I have often wondered how life would have turned out if I had realised my schoolboy ambitions of becoming an airline pilot much like Leonardo DiCaprio in Catch me if you can. Unrealised dreams aside, the fork in the road of my life seems to have found the next most exciting career option - that of leading a young company that recycled a waste that didn’t exist prior to the invention of modern colour television. The epiphany was the realisation of how pervasive electronics has become and how wantonly wasteful society is in manufacturing already obsolete product, harming the environment and foregoing the recovery of scarce resources. While not the answer to world peace, I join an industry that rallies to make a difference in the recycling of electronic equipment.
An industry colleague, Russ Martin CEO of the Global Product Stewardship Council cites: “Because of its significance, the responsible management of end-of-life electronic equipment has been made a high priority by a broad range of states, provinces and countries.” The Basel Convention signed by over 178 of 189 countries furthermore draws attention to the need to minimise the movement of hazardous waste such as electronic waste between countries, especially to the third world. Martin adds, “Rising public sentiment on this matter in Australia has also led to the introduction of product stewardship regulation in 2011 requiring importers of electronic product to pay for the collection and proper recycling of end-of-life equipment and to provide consumers reasonable access to collection services. There is certainly an interest and will to be responsible.”
Electronic waste (e-waste) is a term that is used loosely to refer to obsolete, broken or irreparable electronic devices such as televisions, computers, computer monitors (flat screen and cathode ray tubes), laptops, printers, scanners and associated peripherals, wiring and mobiles. In my years in the industry, I have been incredibly amazed at the wonder of technology and innovation and its sheer volume. I recall standing in our first warehouse in Wetherill Park, NSW, wondering how we would ever fill 700 m2. Six years on and we are bursting at the seams in 15,000 m2 dealing with consumer, IT and telecommunication waste. The stories are similar for my industry colleagues as well. Sam Miller of PGM Refiners cites: “Within two or so years of establishing our business, we were forced to seek far larger fit-for-purpose premises, and this was before the launch of the Commonwealth Government’s National Product Stewardship Scheme for TVs and Computers.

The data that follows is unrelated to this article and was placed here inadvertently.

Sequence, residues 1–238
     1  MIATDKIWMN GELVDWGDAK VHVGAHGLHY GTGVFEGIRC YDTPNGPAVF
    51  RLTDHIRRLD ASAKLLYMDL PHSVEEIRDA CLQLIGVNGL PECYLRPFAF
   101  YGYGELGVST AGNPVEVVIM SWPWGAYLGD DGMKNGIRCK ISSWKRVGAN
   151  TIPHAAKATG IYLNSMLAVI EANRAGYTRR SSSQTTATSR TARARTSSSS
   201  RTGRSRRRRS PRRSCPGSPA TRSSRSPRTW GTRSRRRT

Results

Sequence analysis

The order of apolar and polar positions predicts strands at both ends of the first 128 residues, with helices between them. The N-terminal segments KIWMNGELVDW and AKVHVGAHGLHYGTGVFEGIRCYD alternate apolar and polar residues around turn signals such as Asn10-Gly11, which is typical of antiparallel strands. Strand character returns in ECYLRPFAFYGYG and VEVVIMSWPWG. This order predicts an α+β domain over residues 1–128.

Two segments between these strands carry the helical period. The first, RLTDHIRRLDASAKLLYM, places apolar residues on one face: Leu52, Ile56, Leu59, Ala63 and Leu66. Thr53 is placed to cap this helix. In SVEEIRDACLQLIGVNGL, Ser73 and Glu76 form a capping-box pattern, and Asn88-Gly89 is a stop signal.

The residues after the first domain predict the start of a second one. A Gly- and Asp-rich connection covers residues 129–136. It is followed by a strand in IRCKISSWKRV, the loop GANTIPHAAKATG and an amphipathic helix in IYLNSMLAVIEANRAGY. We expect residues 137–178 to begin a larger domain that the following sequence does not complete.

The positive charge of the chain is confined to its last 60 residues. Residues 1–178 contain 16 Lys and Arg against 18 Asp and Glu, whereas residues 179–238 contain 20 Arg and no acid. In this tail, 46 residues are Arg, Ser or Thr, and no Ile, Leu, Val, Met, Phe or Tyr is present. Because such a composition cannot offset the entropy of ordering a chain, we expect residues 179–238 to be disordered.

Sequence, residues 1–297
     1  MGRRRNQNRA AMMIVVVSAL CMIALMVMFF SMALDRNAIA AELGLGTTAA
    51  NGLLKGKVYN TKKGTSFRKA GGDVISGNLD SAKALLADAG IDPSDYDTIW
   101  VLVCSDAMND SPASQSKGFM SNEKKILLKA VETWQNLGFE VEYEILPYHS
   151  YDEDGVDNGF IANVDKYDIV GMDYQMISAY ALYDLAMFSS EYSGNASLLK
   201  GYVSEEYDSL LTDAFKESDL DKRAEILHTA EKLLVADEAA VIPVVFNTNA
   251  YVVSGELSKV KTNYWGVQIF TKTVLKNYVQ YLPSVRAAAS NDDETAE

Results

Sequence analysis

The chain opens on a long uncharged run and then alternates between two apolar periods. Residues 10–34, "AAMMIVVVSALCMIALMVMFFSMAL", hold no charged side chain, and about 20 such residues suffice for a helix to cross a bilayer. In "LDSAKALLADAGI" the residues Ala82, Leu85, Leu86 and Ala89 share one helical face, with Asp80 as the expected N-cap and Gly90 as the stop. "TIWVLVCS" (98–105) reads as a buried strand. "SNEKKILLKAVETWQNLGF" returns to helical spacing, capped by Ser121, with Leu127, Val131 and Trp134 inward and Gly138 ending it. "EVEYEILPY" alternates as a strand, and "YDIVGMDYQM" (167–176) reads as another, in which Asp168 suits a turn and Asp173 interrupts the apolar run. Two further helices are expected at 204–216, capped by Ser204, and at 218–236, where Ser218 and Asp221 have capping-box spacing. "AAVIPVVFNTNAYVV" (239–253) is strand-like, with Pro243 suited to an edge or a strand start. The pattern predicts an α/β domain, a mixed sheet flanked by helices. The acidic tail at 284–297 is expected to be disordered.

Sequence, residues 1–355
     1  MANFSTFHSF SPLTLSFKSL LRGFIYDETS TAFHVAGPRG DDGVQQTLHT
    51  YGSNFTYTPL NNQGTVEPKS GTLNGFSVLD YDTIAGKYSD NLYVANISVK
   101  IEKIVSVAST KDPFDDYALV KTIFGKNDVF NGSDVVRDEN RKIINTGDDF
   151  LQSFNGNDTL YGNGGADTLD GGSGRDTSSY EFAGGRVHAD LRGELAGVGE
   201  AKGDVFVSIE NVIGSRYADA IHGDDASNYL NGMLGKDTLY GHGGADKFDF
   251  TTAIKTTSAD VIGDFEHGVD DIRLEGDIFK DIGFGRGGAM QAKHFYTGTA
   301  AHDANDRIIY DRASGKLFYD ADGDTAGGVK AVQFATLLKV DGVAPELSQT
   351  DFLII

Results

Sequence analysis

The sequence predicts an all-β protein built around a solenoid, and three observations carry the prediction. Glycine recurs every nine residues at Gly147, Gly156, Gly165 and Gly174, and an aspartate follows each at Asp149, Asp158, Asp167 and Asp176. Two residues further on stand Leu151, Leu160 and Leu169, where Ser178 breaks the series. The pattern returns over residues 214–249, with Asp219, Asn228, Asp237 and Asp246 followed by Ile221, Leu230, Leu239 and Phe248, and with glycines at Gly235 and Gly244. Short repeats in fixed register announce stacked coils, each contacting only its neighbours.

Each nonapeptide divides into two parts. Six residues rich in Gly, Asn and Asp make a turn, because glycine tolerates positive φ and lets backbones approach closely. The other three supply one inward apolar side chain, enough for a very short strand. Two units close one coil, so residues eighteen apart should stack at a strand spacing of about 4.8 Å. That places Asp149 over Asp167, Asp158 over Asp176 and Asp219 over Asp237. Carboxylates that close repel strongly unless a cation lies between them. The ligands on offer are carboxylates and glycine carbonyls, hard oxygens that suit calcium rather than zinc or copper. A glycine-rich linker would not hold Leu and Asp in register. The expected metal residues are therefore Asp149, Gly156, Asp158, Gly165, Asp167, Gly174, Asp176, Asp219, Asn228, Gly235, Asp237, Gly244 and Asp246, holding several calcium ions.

“E-recycling continues to get bigger and attract new entrants primarily because of society’s desire to do things faster and the insatiable desire to own the latest gadget that responds to finger gestures instead of the ancient art of pressing buttons, or worse - dialling! From the humble Commodore 64 and the Motorola ‘Brick Phone’ to the latest tablet, smartphone and LED TV, the wave of new product is unending. At the same time, the intrinsic value of consumer electronic items is diminishing due to advances in materials design substituting cheaper materials for the higher value products used in older electronics,” says Miller.
Overconsumption aside, evolving product design and converging technologies are continually creating new challenges for the recycling industry. Rose Read, manager at MobileMuster, explains that due to nickel cadmium batteries being replaced by lithium ion batteries in mobile phones some years ago, the mix of components collected by MobileMuster has changed dramatically. “The volume of batteries and chemistry has changed significantly over the past seven years, where now 80% of batteries collected are lithium ion, rather than nickel cadmium,” Read said. “Likewise, as the life of batteries has improved the proportion of batteries to handsets and accessories has also dropped significantly,” she added.
“Changing material types and dematerialising means recyclers need to continually evolve their recycling and dismantling processes to optimise material recovery. In some cases, thinner and smaller products like smartphones and tablets are harder to dismantle and separate due to increased use of glues and embedding metals into plastics. Whether the end game will eventually be a single device or not, it is clear that recyclers need to work with product designers, chemists and material scientists to ensure the benefits of the latest technologies are also realised at the end of their life through material recovery and not just during their use,” she concluded.